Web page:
More Government is considering using MOOCs in classrooms, says Gove (Wired UK).

School expands technology use to give teachers instant feedback

Immediately after answering four questions about fractions, Gabriella Martin knows she has the first, third and fourth right but the second has an X next to it, showing it is wrong.

“There are X’s and checks. If you get an X, you try to do it again and see if you get it right,” said the 10-year-old fifth-grader.

Her class is one of four at Anna Barry School that is using new technology to give teachers and students instant feedback on what children have learned and what concepts they need extra help to comprehend.Each child is given a device that looks like a remote control with numbers and letters.

Each child has a password, and every response they key into the devices are sent electronically to the school’s interactive white boards.

via Chicopee schools expand technology use to give teachers instant feedback | masslive.com.

A Simple Way Teachers Can Learn To Make Apps

8 iBooks Author

If you wish to create a multi-touch iOS app for the iPhone or iPad, then you will need to know how to use xCode Apple development software and the programming language Objective-C. While this is a bold endeavor, it is a massive time and learning commitment that most teachers can’t make.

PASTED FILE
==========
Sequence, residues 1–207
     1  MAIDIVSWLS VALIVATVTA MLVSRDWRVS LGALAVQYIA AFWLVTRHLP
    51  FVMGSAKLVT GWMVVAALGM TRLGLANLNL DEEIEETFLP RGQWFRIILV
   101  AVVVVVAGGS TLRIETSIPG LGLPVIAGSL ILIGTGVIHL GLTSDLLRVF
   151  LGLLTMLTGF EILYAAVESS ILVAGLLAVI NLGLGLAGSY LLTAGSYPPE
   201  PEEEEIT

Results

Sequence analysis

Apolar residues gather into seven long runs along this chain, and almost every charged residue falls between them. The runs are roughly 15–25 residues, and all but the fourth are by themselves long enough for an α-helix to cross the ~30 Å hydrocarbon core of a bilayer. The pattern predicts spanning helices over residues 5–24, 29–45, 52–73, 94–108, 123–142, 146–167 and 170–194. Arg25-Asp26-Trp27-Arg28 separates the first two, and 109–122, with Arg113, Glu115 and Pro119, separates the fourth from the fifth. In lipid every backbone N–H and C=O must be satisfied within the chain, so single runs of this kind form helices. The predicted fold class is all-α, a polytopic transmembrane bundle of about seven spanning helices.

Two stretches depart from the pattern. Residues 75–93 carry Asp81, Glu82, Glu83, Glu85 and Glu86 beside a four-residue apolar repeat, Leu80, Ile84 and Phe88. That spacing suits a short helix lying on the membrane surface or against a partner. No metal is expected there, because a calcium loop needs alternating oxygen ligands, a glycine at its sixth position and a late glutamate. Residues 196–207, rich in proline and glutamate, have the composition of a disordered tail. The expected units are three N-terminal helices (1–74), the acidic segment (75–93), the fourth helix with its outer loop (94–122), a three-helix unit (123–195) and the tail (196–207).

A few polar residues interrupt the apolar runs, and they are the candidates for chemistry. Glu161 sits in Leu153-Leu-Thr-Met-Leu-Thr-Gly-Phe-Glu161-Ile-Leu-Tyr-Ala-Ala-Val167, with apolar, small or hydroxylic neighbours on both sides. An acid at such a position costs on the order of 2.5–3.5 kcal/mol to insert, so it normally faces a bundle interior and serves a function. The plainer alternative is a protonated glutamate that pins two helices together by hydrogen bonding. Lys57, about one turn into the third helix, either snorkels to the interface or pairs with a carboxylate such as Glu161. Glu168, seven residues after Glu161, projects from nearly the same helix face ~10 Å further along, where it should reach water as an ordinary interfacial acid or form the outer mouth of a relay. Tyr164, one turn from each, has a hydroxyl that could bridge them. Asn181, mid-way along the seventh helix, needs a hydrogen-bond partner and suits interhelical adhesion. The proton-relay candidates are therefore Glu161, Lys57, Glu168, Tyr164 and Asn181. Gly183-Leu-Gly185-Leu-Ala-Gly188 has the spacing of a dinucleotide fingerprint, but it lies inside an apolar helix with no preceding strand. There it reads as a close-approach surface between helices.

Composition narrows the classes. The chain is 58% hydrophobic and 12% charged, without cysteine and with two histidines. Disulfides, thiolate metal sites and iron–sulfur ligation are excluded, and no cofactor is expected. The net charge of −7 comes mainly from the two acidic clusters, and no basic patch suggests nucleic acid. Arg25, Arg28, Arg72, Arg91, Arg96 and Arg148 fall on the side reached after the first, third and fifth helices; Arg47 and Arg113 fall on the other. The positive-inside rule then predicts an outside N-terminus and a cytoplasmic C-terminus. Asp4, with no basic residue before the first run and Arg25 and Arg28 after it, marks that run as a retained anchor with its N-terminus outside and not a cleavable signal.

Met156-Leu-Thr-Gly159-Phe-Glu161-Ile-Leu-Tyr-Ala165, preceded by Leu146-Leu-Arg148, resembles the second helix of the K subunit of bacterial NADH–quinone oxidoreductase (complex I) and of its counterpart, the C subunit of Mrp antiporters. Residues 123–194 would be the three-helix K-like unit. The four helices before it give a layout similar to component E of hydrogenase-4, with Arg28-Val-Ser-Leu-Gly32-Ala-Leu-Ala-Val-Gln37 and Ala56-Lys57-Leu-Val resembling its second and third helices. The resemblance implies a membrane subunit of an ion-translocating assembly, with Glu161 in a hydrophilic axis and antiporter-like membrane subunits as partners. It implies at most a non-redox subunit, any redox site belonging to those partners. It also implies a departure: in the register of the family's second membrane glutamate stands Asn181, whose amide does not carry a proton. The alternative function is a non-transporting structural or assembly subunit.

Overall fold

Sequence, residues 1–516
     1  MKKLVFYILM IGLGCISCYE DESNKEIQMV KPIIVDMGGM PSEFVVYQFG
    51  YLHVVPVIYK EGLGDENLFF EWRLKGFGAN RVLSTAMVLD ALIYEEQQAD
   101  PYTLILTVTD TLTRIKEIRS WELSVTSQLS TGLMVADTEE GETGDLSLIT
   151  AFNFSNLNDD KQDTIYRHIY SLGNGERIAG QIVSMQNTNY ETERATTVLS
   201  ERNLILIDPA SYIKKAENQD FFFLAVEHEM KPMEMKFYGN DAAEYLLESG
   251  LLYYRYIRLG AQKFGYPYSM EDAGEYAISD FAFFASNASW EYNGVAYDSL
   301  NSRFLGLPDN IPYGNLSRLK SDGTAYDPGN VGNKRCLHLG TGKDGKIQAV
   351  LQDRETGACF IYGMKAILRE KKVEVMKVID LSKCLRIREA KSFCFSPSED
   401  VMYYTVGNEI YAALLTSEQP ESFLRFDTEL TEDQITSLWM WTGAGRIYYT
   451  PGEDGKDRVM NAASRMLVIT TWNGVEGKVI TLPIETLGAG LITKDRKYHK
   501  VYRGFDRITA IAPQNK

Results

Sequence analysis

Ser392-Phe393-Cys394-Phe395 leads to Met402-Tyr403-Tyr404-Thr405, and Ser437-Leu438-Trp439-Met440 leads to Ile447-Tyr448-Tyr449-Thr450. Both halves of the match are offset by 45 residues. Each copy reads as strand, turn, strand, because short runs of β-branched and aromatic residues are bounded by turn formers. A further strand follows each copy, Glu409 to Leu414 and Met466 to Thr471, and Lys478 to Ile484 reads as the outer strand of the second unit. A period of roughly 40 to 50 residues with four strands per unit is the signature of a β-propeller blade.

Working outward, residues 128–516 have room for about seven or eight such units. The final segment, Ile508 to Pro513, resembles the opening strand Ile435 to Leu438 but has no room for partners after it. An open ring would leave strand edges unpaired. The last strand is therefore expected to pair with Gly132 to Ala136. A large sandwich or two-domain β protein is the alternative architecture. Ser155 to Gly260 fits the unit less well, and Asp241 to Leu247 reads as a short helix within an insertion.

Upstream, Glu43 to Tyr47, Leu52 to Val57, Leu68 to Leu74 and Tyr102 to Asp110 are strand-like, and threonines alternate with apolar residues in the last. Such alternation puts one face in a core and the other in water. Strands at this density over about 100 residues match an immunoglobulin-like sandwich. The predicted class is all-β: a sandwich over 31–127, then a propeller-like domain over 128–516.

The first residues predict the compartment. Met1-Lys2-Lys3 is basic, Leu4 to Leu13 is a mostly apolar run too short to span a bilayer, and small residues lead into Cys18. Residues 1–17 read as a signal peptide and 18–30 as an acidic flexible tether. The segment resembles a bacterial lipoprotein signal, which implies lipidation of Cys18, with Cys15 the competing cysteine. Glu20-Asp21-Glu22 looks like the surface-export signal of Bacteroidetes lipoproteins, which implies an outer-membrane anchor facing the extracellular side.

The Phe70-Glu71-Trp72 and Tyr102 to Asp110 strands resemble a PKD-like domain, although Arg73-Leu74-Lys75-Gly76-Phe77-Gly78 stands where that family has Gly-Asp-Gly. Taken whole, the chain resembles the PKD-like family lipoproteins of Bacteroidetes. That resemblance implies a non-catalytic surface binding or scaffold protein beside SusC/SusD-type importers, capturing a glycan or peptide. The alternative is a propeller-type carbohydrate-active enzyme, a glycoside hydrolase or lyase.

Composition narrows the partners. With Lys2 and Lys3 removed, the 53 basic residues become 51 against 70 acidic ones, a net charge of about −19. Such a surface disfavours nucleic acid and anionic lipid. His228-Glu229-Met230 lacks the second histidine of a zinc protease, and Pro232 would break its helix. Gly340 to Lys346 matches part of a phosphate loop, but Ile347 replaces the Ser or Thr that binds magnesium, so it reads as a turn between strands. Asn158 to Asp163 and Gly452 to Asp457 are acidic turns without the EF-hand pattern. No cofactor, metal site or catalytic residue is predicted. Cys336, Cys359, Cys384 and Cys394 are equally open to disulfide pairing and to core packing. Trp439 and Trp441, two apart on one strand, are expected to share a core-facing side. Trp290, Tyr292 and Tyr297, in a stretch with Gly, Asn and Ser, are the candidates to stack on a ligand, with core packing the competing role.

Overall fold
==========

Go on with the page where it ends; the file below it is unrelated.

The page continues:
The average teacher with a creative idea for an app that supports learning may never see it come to fruition due to lack of know-how or lack of resources to invest in its development. Enter iBooks Author.

iBooks Author is Apple’s standard for e-publishing. It is free in the Mac app store and is everything but ‘standard’ when it comes to delivering a polished interactive iBook. The WYSIWYG interface makes it easy to drag and drop text, images, media, and interactive elements on to it’s pages and export a multi-touch book with a push of a button.

While digital books may not be the app envisioned by the teacher, they offer an ‘app-like’ feel of interaction and hold great potential for creating a dynamic learning experience that fosters multiple styles of learning.

more A Simple Way Teachers Can Learn To Make Apps – Edudemic.

3-D technology makes math & science easier

Last year, Robert Cundiff promised his seventh-grade science students at South View Middle School they would be the first to see a new way of learning … in 3-D.

Cundiff made good on that promise Wednesday when the now-eighth-graders experienced firsthand the excitement of 3-D learning with the program, Classroom Cubed.

Through a grant from the Danville Public School Foundation, the students were introduced to the new 3-D technology, which will make math and science concepts easier to visualize and to learn.

more Getting up close » Local News » The Commercial-News, Danville, IL.

15 Useful Educational Tools Every Teacher Should Know About

* FlippedClassroom

Image courtesy of: Dan Spencer

 

Today, we’ve seen a massive influx of technology being used in the academe. It was evident that the use of digital devices in the classroom boosts student learning and participation in class. Based on the 2013 PBS Learning Media study, 74% of K-12 teachers in the United States are now employing the use of mobile tech (mTech) to create digital lesson plans and keep their students motivated. However, for educators who are yet to take the digital leap, one of the greatest obstacles that you may encounter is the difficulty of managing and leveraging your tech-infused classroom. That is why for this entry, we’ll equip you with a rundown of the useful educational applications that you can use in pursuit of your digital teaching venture.

1.  Planboard